Things to know about indictment against Sen. Menendez
(AP) -- Sen. Bob Menendez, a New Jersey Democrat, and Dr. Salomon Melgen, a Florida eye doctor, were indicted Wednesday on federal corruption and bribery charges.
The heart of the charges is that Menendez advocated for Melgen's personal and business interests in exchange for travel -- including at least 20 flights -- and political and legal-defense contributions. The senator is also accused of failing to disclose gifts from Melgen.
Menendez said Wednesday he has always acted in accordance with the law and will be vindicated.
Here are some of the highlights from the indictment:
Melgen is accused of paying for private flights for Menendez and various unnamed guests, and of putting them up in a luxury hotel in Paris and a resort in the Dominican Republic. In places, the indictment reads more like a travel brochure than legal document.
"The ocean-side community has a marina, three golf courses, thirteen tennis courts, three polo playing fields, equestrian facilities, a 245-acre shooting facility, a spa, beaches, restaurants and a hotel," it says of Casa de Campo, where Melgen had a villa where Menendez allegedly stayed several times.
The indictment says Melgen used his American Express points to get a hotel room in Paris worth $5,000 for three nights for Menendez, who is not married, and who traveled to France to meet a girlfriend.
Menendez is accused of trying to help three different girlfriends of Melgen, who was married, receive visas. All were models from other countries -- Brazil, the Dominican Republican and Ukraine. In one case, the Dominican girlfriend and her sister were initially denied visas but later granted them after an intervention by Menendez.
THE BUSINESS DEAL
Menendez is accused of trying to get the State Department to intervene in a contract dispute involving a business Melgen owned in the Dominican Republic.
The company, ICSSI, had a contract to install and operate X-ray equipment to inspect shipping containers entering Dominican ports. The indictment says Menendez met with an assistant secretary of state to advocate for Melgen's interests on May 16, 2012. The same day, the indictment says, Melgen and his family donated $40,000 to the New Jersey Democratic State Committee's federal election account and $20,000 to Menendez's legal defense fund.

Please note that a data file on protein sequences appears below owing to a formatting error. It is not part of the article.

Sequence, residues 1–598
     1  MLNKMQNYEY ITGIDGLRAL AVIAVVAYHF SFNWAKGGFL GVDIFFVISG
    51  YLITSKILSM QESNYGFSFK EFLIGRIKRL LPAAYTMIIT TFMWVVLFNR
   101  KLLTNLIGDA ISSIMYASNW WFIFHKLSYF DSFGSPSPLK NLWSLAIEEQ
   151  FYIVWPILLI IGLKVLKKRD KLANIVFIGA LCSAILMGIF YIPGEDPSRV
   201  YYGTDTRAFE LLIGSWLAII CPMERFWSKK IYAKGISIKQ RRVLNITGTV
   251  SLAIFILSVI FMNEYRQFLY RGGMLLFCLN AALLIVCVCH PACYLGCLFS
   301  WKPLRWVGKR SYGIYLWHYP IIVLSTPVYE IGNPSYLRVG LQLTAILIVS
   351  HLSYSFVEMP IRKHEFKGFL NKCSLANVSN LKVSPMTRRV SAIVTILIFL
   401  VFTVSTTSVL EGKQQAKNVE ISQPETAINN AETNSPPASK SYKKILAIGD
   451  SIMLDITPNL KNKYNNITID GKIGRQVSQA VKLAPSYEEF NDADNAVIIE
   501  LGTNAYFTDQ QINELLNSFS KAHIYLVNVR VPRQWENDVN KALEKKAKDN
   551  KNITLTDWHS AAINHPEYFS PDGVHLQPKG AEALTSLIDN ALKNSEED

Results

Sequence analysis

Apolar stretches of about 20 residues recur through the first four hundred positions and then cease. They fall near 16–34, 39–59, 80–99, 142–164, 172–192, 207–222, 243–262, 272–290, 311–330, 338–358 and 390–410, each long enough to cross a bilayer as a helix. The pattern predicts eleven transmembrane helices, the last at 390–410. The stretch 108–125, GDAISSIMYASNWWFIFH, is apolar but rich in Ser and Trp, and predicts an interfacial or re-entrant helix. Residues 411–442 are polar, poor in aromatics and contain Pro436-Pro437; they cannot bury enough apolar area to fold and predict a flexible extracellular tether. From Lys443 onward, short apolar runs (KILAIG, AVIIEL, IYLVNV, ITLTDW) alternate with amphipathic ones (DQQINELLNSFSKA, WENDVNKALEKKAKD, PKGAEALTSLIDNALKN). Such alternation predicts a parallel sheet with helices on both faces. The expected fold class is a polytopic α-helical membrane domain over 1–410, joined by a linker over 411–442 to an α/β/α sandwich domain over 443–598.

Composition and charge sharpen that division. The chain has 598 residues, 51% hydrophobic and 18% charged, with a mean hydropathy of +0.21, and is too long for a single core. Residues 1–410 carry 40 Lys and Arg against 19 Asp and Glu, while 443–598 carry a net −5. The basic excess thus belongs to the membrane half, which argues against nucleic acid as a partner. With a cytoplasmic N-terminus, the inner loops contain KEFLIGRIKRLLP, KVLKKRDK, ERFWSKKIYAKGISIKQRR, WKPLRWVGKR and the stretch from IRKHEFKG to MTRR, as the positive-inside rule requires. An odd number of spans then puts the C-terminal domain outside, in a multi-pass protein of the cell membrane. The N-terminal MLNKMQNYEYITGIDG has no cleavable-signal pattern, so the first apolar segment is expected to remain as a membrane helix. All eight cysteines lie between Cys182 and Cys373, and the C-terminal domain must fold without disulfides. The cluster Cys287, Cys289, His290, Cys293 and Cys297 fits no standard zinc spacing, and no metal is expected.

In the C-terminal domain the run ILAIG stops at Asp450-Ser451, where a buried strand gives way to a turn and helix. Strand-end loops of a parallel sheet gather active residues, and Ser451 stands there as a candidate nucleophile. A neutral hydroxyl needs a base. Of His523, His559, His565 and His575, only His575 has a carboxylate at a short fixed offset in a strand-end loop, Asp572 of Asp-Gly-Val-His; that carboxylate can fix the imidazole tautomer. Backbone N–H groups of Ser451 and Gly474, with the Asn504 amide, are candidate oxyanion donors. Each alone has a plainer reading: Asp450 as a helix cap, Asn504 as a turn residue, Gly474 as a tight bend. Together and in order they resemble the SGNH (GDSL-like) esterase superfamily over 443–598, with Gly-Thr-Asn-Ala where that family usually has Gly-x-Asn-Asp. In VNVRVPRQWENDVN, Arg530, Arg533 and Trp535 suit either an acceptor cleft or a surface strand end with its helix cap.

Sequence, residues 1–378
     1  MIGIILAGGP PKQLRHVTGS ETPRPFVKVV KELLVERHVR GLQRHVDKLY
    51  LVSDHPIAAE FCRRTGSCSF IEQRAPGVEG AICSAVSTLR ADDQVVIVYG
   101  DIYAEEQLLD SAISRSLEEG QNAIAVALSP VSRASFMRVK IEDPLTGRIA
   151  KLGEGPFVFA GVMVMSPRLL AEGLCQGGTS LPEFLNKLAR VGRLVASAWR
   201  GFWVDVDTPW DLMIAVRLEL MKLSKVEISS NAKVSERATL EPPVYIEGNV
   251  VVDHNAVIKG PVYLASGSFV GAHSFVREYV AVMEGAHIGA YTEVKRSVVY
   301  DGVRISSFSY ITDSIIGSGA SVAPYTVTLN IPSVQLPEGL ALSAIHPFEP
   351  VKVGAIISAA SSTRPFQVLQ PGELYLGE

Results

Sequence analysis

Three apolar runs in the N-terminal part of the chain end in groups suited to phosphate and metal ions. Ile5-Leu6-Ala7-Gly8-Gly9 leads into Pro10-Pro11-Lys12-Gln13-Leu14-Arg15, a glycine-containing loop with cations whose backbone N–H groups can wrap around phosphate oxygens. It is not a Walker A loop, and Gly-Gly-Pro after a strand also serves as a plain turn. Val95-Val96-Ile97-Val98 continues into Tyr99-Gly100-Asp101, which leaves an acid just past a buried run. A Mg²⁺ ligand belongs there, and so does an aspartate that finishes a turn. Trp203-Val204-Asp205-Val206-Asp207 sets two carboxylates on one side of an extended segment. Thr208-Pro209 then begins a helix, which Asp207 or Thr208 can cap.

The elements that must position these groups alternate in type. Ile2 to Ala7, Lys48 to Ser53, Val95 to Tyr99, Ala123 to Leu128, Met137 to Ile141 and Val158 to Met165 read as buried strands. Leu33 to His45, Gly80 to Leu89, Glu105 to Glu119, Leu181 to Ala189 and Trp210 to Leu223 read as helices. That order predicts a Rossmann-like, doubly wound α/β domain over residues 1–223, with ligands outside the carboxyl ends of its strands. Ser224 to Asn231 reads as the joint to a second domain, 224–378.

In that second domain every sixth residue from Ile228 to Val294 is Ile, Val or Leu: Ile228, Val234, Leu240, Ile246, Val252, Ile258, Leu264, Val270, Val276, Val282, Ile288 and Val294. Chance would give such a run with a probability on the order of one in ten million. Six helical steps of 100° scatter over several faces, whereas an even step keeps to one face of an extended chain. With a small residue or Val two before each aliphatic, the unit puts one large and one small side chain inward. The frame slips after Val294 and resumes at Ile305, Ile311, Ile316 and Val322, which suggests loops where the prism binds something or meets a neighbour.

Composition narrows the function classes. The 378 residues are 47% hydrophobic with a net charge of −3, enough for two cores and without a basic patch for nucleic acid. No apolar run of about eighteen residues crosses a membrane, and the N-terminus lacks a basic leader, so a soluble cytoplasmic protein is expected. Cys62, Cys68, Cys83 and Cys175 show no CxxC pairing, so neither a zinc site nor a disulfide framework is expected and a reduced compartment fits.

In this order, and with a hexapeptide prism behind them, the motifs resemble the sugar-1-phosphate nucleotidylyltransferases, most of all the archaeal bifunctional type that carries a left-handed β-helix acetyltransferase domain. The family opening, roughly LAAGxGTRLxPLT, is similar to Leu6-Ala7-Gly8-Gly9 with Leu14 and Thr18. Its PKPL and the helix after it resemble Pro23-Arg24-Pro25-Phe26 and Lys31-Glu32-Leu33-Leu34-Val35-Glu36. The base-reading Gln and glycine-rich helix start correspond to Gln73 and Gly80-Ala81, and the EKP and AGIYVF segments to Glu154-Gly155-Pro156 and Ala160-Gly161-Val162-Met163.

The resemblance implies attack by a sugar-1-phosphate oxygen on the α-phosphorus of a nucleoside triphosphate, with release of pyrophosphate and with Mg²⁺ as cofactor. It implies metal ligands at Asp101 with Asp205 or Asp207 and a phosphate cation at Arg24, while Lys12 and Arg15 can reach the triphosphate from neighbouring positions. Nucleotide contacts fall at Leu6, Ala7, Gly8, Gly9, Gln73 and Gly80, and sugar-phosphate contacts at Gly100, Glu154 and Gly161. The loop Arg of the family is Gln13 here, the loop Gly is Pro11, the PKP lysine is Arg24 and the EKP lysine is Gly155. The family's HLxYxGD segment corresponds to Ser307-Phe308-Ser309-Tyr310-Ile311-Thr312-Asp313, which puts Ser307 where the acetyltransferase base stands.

Also, the same day, the State Department official emailed his staff reminding them that an investigation the previous year found it was a commercial dispute, not a law-enforcement issue. In June 2012, the assistant secretary emailed his staff about the issue again, saying: "This is the case about which Sen. Menendez threatened to call me to testify at an open hearing. I suspect that was a bluff, but he is very much interested in its resolution. A reminder that I owe the Senator an answer to the question, 'What can we do to resolve this matter?'"
THE MEDICARE ISSUE
Menendez is also accused of advocating for Melgen in a Medicare billing dispute for several years.
It started in 2008, when the Centers for Medicare and Medicaid Services started to investigate Melgen's billing practice regarding a drug called Lucentis that was stored in single-use vials for injection.
The Food and Drug Administration allows each vial to be used for only one eye of one patient, saying using it on multiple patients or both eyes of one patient increased the risk of infection.
The indictment says Melgen reused vials but billed for a new one each time, meaning he billed the government for vials he never actually used.
Officials said Melgen's practice owed nearly $9 million for overpayments of the drug.
The indictment says Menendez spoke with Department of Health and Human Services officials on Menendez's behalf, including attempting to arrange a phone call with the secretary, and also tried to get two other senators to take up the cause.
A lobbyist for Melgen sent an email suggesting that the aid helped their case.
Mulvihill reported from Haddonfield, N.J.